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How to avoid being an office-party casualty

Save sexy clothes for gatherings with friends, watch your alcohol intake
/ Source: The Associated Press

Office holiday parties are like blind dates: Wear the wrong shirt, tell the wrong joke or drink one too many martinis and your potentially happy future is over before it began. Each year amid the jovial flow of cocktail franks, gin-and-tonics and choruses of “Fill Me Up, Buttercup,” someone becomes a footnote in their company’s holiday folklore, forever labeled as the guy who thought it would be funny to teach the boss’s wife to dance the Macarena.

The delicate task of navigating this half-social, half-professional occasion leaves many employees wishing they could simply stay home.

But according to executive coach Marjorie Brody, the office holiday party is an ideal opportunity to raise your profile at work in a positive way and make connections that can help your career.

“Most people think it’s a party, and either they don’t want to go or they’ll go and just eat and drink with their friends. Both of those are mistakes,” Brody says. “It’s a chance to be talking to people you don’t normally speak to and a good opportunity to create an impression.”

But how do you make the most of the opportunity without seeming opportunistic?

And how do you participate in the party without partying too hard?

Hmmmm, what to wear ...
Image consultant Colleen Abrie says it begins with the proper wardrobe. “You’ve got three seconds or less to make a first impression and about two years to change that if it doesn’t go well,” she says. “What do you want people to remember about you the next day, the next week?”

It’s safest to dress conservatively, but it’s also important to know your industry’s culture: The same outfit that might be provocative at an investment firm could seem oddly tame at a splashy party for a record label.

“If you’re a new employee, it’s fine to pick someone in your office whom you consider a mentor, or even somebody who’s not going to make fun of you for being neurotic, and say, ’Listen, what are you going to wear? I’m just a little worried about choosing the right outfit,”’ says Caroline Tiger, author of “How To Behave: A Guide to Modern Manners for the Socially Challenged.”

If you long to make a fashion statement, experts advise doing it with jewelry, accessories or hairstyle. For women, dangling earrings and strappy high heels add a festive touch to a basic black dress without veering into excessively sexy territory. And men can pair a traditional suit with a boldly colored shirt without losing their corporate look.

Pick one makeup element to emphasize
Style expert and former model Diane Irons advises similar restraint with makeup. “Whatever you wore in the office, you need to darken,” she says. “But nothing too garish. You want a monochromatic color palette.”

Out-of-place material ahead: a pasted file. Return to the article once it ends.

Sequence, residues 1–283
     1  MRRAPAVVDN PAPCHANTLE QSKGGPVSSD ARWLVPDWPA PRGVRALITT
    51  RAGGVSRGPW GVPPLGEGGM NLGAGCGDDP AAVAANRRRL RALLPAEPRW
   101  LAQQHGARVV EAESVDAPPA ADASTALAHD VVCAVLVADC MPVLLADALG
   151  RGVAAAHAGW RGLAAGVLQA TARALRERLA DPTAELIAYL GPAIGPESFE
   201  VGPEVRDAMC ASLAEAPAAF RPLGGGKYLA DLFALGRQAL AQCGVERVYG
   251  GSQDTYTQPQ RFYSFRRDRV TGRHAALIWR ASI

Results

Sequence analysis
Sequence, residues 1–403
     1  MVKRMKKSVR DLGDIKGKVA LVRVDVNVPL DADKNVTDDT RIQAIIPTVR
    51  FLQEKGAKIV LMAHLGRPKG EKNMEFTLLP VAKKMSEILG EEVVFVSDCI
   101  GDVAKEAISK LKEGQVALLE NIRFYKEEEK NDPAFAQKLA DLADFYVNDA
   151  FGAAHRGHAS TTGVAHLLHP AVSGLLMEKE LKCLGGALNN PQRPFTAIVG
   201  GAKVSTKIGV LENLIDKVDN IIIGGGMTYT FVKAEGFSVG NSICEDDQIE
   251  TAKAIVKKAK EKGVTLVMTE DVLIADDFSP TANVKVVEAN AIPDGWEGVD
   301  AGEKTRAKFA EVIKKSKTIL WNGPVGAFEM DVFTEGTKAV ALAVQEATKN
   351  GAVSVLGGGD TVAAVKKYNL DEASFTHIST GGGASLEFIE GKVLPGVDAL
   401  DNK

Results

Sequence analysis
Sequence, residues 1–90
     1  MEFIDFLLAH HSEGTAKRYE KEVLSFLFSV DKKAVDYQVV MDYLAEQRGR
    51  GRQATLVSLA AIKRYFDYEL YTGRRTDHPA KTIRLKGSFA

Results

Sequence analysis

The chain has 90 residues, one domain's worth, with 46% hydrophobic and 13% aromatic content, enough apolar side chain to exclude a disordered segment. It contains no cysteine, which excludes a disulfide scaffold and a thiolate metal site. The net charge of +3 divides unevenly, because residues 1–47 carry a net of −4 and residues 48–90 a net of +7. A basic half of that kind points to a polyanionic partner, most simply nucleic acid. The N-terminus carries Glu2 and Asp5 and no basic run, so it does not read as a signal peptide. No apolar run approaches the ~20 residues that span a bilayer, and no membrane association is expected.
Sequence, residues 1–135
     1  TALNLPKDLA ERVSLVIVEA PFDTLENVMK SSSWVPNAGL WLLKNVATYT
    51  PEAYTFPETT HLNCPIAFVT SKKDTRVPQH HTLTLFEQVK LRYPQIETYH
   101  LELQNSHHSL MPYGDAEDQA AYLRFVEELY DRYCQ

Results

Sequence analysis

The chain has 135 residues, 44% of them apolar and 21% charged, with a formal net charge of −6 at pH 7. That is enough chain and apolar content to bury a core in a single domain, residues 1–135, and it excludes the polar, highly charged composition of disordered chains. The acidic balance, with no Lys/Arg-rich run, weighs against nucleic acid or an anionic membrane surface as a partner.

One safe bet is balancing dramatic eye makeup with neutral lips, or colorful lips with minimal eye makeup. “You can always carry a few well-chosen accessories and some extra makeup, if you’re not sure,” Irons says. “Have some kind of emergency kit with you.”

Once you look the part, it’s time to tackle the event itself. Before the party, find out a bit about your boss’s supervisors. Perhaps one shares your love of the Boston Red Sox and another has four kids, just like you. Come prepared with a few topics to discuss and a list of people you’d like to meet.

“You’re looking for something in common to show you’re interested in building relationships and going a step above,” says Brody. You’re also emphasizing that you’re a well-rounded person with interests other than work.

Introduce yourself and mention what you’ve got in common, but keep things brief. “Let your boss’s boss know where you fit into the hierarchy and a bit about what you do,” says Marion Gellatly, president of the Association of Image Consultants International. “But don’t bend their ear. ... See if they do more inquiring.”

Brody advises ending a chat by creating an opportunity to further the connection. “You can say, ‘This has really been enjoyable. Let me stop by your office with something I’d like to give you.”’ Then follow up days later with some information or an e-mail about the topic you discussed. Then stop.

But what about those who freeze up at the thought of networking at a party?

“Coax yourself into going by saying, ‘I’ll go briefly and I’ll make an appearance,”’ suggests Tiger. “Usually when you trick yourself into something like that, you do end up having a good time and staying.”

Gellatly advises shy clients to ask others about themselves, and have a few questions ready. “Something as simple as, ‘What keeps you busy when you’re away from work?’ opens people up to small talk,” she says.

Watch the alcoholAlcohol may seem like a helpful way to beat shyness, but experts say to avoid it. Two alcoholic drinks for the evening, alternated with soft drinks or water, is probably a safe rule. An even better bet is to skip it entirely.

“You don’t have to feel compelled to drink anything,” says Brody. “You can carry a glass of ginger ale or Sprite around.” If you do drink alcohol, be sure to eat too.

Another way to get involved in a positive way is to circulate in the crowd and introduce your acquaintances to each other.

And as you leave, be sure to say thank you to your hosts, just as you would at someone’s home. It’s a subtle way of making sure your supervisors know you were there.

What about the person who wakes up with the post-party realization that they’ve made a mistake? If it was minor, it’s probably best not to draw more attention to it. But really blatant missteps, such as drunken behavior, do require an apology to anyone directly offended.